Finland arranged a glitzy centenary celebration in Washington on Saturday evening, hosted by Finnish Ambassador Kirsti Kauppi.
On hand were just over 100 guests. Among them were seven former US ambassadors to Helsinki, including Bonnie McElveen Hunter, Bruce Oreck and Charles C. Adams, Jr, as well as political pundits and decision-makers.
Sibelius and wild mushrooms
Inside, guests were treated to a familiar array of Finnishness. Soprano Camilla Nylund performed songs by Jean Sibelius and Toivo Kuula, accompanied by pianist Matti Hirvonen.
Embassy chef Jyrki Jääskeläinen served a menu including gravlax, archipelago bread, game and chanterelle mushrooms, washed down with wine from a Finnish-owned vineyard in the US.
In his speech, President Sauli Niinistö described Finland and the US as old friends who are now closer than ever. Niinistö quipped that his frequent flier miles attests to this. He was last in Washington less than three weeks ago to meet with his opposite number Donald Trump at the White House.
Niinistö added wryly that the embassy staff would be glad to hear that he does not plan to visit the city twice a month or even once a month in future. This time he was accompanied by his wife Jenni Haukio, who did not join him for the White House visit.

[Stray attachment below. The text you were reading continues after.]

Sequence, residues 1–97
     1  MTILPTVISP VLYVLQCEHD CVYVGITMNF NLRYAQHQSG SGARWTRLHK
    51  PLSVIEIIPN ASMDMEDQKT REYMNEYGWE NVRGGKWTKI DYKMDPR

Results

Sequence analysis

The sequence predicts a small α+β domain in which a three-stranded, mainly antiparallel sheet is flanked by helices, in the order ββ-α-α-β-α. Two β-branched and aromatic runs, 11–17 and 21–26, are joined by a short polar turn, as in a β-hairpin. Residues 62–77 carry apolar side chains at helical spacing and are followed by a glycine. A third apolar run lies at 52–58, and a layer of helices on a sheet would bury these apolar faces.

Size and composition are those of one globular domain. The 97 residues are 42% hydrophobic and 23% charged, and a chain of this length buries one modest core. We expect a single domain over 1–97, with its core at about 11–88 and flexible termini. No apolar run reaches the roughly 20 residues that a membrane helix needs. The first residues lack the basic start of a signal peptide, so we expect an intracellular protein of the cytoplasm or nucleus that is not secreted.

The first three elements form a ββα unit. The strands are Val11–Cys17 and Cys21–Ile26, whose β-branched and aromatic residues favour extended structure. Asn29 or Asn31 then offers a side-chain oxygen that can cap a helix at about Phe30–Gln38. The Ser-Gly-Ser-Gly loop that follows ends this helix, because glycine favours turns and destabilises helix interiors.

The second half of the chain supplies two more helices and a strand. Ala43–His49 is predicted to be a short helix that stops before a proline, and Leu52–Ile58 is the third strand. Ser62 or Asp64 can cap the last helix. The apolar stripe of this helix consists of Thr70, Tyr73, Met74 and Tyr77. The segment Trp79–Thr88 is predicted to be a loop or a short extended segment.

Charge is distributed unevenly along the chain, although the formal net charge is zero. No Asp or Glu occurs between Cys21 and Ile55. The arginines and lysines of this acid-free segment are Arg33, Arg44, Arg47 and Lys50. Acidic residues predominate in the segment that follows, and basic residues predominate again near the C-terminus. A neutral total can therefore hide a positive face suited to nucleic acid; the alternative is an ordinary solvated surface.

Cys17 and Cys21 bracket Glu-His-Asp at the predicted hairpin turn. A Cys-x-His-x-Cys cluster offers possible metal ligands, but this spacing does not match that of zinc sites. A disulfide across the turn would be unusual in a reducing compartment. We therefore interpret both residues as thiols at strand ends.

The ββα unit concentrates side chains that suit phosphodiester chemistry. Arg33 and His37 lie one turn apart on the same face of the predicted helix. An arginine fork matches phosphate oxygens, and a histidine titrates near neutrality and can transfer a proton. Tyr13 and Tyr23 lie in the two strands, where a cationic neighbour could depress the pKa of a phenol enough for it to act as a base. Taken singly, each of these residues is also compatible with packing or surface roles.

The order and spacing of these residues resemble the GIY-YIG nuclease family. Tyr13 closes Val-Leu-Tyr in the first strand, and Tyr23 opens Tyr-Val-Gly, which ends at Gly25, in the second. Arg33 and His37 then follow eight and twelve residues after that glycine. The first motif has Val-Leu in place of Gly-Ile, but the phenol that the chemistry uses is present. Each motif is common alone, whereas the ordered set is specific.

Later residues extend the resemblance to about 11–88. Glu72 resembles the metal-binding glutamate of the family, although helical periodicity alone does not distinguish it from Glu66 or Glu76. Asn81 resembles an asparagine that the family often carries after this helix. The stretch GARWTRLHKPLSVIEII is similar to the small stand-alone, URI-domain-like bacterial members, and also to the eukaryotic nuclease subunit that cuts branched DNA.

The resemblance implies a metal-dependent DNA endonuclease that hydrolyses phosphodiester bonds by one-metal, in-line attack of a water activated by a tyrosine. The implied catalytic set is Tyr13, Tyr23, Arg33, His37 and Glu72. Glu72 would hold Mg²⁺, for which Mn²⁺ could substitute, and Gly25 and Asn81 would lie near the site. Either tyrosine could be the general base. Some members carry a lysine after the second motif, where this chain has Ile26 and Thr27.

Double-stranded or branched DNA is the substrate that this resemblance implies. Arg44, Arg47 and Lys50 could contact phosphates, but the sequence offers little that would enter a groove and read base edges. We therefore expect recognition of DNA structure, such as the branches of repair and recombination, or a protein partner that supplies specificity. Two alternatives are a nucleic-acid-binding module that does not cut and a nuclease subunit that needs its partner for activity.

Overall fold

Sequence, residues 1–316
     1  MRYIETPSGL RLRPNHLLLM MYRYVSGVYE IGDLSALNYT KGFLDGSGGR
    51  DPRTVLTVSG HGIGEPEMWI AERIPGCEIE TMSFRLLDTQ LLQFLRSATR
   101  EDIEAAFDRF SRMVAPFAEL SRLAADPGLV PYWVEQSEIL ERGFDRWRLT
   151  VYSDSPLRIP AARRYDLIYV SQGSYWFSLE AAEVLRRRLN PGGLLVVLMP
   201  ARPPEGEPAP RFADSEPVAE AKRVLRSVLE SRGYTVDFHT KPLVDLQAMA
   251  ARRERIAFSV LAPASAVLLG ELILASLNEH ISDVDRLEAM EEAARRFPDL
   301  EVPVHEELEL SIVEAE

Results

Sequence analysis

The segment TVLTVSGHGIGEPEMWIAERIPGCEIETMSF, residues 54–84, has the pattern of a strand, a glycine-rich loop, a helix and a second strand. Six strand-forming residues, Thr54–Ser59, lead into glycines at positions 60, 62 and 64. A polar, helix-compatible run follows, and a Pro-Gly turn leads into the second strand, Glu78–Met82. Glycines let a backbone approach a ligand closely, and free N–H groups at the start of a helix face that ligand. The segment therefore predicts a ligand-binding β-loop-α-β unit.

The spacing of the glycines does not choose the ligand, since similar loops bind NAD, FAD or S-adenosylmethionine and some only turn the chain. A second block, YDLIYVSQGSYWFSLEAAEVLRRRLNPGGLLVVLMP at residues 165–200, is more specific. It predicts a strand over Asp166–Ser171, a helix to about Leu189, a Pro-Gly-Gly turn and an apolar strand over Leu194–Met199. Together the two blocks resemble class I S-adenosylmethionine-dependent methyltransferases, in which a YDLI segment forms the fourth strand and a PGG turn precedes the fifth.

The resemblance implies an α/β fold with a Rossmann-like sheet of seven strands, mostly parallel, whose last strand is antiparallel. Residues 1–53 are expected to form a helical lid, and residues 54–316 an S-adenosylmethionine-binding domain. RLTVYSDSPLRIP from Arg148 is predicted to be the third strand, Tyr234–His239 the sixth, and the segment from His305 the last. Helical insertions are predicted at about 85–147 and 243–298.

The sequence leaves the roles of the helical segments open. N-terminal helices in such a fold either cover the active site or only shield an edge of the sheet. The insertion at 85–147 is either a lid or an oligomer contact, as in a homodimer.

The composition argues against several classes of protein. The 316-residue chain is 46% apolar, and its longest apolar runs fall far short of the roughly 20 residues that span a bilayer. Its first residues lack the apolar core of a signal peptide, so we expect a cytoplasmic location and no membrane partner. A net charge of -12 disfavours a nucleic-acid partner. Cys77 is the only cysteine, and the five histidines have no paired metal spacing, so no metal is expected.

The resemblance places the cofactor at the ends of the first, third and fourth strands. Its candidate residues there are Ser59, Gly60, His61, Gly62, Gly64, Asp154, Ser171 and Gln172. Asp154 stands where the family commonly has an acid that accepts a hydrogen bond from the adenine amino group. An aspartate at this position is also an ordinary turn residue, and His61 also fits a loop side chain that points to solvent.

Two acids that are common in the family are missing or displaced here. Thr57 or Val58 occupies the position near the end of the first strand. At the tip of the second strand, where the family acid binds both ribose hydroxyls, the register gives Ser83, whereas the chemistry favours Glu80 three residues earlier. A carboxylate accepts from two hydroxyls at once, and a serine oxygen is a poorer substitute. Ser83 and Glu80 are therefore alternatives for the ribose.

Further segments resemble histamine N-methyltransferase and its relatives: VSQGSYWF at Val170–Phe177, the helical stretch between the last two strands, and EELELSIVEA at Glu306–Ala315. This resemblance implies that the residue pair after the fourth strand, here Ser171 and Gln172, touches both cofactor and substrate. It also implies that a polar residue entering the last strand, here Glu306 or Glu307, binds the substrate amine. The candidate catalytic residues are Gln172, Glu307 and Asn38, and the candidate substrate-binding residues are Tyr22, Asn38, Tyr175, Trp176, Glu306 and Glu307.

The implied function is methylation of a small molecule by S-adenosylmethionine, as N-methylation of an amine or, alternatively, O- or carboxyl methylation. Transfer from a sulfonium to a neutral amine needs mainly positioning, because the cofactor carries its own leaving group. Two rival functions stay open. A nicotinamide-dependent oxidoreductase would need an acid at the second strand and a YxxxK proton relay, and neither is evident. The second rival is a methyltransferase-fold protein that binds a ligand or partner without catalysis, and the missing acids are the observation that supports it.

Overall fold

Growing interest in Finland
Niinistö commented to Finnish journalists that Americans are surprisingly well aware of Finland's history, even among younger people. He added that there is now strong interest in the country among US politicians and journalists.
"Of course there is interest in our excellent results in various international comparisons. I think that is however perhaps primarily [an interest in] a certain societal unity in Finland, which is reflected in that fact that we have long been considered the most stable country in the world. That is quite a valuable thing when there seems to be unrest now in many places around the world," said the president.
Niinistö also speculated that interest in Finland has grown because of the situation regarding the Baltic Sea area and Russia.
Still no US ambassador
Many on hand mentioned one minor hitch in Finnish-US ties at the moment. Since the new administration took over in Washington early this year, many official posts have remained unfilled, including that of US Ambassador to Helsinki.
Foreign Minister Timo Soini, meanwhile, called for more trade between the two nations.
"We would be glad to sell our excellent icebreakers and many other things here," Soini told the Yle reporter at the party.
This coming week, Niinistö and Haukio will be in New York for the opening of the UN General Assembly, and then in Minneapolis for the Finnish-American FinnFest, including a Minnesota Orchestra concert under the baton of Osmo Vänskä.
Finland marks the 100th anniversary of its independence from Russia on December 6.